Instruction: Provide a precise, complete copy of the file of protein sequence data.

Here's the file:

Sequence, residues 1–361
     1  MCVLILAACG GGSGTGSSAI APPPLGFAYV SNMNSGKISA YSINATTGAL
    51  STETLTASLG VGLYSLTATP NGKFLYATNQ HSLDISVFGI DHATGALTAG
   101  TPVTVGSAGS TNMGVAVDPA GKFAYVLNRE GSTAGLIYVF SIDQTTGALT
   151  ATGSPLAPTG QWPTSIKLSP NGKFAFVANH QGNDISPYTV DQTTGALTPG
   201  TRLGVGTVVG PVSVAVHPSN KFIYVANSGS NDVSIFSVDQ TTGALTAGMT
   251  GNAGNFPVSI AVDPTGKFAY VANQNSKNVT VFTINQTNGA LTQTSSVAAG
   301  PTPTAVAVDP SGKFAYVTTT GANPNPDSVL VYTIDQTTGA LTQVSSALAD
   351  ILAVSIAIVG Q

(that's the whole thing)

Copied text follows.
Sequence, residues 1–361
     1  MCVLILAACG GGSGTGSSAI APPPLGFAYV SNMNSGKISA YSINATTGAL
    51  STETLTASLG VGLYSLTATP NGKFLYATNQ HSLDISVFGI DHATGALTAG
   101  TPVTVGSAGS TNMGVAVDPA GKFAYVLNRE GSTAGLIYVF SIDQTTGALT
   151  ATGSPLAPTG QWPTSIKLSP NGKFAFVANH QGNDISPYTV DQTTGALTPG
   201  TRLGVGTVVG PVSVAVHPSN KFIYVANSGS NDVSIFSVDQ TTGALTAGMT
   251  GNAGNFPVSI AVDPTGKFAY VANQNSKNVT VFTINQTNGA LTQTSSVAAG
   301  PTPTAVAVDP SGKFAYVTTT GANPNPDSVL VYTIDQTTGA LTQVSSALAD
   351  ILAVSIAIVG Q